Good Leaders Are Not Constrained by the Facts

This is the twenty-first Blog in a weekly series regarding the state of leadership in America. I normally publish on Thursday or Friday, but due to previous commitments, this Blog is a little early. According to the dictionary, a fact is a statement of the truth. However, the truth about a particular thing or circumstance can change and thus change the facts. John F. Kennedy once said, “Change is the law of life. And those who look only to the past or present are certain to miss the future.” And his brother Robert F. Kennedy said, “There are those who look at things the way they are and ask why…I dream of things that never were, and ask why not.” Both of these men knew that most people see the world as it is, but good leaders see the world as it could be. Opinions, perspectives, and beliefs change and good leaders must be able to see beyond the facts of the past and the present and create a new future based on new realities. The existence of the Berlin Wall and the Soviet Union were once facts, but no more; once man could only peer at the sky and speculate; now we’ve flown to the moon and beyond-creating new truths, new facts. Real leadership is not content with being bound by yesterday’s and today’s facts. To stay vibrant and competitive, corporations, governments, and nations must be challenged to move forward with a purpose, to evolve, and continually reengineer themselves. A team, an organization, a country will have a tendency to remain at rest until a force, a leader, comes along to jump start them and by sheer force of will get them moving again. The laws of physics apply to human beings and nations. Once moving, good leaders will drive the changes to maintain the momentum and in the process they will be creating new perspectives and facts: from a candle to electricity, from a telegraph to an iPhone the change is immense.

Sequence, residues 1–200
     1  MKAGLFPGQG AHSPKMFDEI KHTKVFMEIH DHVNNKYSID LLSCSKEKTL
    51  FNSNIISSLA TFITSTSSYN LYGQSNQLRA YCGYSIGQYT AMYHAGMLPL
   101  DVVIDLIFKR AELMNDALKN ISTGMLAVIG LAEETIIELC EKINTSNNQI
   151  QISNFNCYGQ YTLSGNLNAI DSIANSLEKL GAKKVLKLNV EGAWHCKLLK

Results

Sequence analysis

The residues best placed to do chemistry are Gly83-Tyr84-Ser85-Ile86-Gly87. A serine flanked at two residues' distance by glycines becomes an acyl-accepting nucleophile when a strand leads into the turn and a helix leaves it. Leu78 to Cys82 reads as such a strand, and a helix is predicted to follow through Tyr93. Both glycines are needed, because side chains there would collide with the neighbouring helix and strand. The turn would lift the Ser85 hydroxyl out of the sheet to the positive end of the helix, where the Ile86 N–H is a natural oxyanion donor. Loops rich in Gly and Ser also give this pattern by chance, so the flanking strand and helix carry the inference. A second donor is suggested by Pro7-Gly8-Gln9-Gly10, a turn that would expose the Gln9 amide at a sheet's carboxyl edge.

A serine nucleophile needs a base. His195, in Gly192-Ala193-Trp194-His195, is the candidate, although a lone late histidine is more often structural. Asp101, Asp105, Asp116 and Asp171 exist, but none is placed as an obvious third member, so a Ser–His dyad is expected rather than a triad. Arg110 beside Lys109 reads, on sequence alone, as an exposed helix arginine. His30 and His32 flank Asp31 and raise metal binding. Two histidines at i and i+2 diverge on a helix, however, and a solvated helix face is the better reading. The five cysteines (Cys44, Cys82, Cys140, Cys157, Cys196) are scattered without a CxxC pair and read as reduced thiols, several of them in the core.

On the other hand, poor leaders will allow themselves to be held captive by the facts of the past and present and thereby lock themselves into a particular paradigm or perspective. Poor leaders work within the current system of facts; good leaders change the system and create new facts, new realities. Poor leaders remain at rest; good leaders realize that if you rest you rust.

This entry was posted in Business, Government, Leadership, Leadership DNA, Management, Politics and tagged , . Bookmark the permalink.

2 Responses to Good Leaders Are Not Constrained by the Facts

  1. When I hear the comment, “We’ve never done it like that before.” It drives me NUTS!

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